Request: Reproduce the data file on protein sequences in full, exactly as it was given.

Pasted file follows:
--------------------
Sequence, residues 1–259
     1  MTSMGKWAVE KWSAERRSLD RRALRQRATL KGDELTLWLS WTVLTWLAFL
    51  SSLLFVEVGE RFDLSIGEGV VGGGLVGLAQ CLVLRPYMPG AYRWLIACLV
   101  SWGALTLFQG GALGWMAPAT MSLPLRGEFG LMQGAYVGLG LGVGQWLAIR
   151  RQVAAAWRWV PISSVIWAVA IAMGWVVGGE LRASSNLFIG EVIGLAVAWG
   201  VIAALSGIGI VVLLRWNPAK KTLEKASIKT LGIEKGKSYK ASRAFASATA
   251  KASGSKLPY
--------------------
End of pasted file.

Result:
Sequence, residues 1–259
     1  MTSMGKWAVE KWSAERRSLD RRALRQRATL KGDELTLWLS WTVLTWLAFL
    51  SSLLFVEVGE RFDLSIGEGV VGGGLVGLAQ CLVLRPYMPG AYRWLIACLV
   101  SWGALTLFQG GALGWMAPAT MSLPLRGEFG LMQGAYVGLG LGVGQWLAIR
   151  RQVAAAWRWV PISSVIWAVA IAMGWVVGGE LRASSNLFIG EVIGLAVAWG
   201  VIAALSGIGI VVLLRWNPAK KTLEKASIKT LGIEKGKSYK ASRAFASATA
   251  KASGSKLPY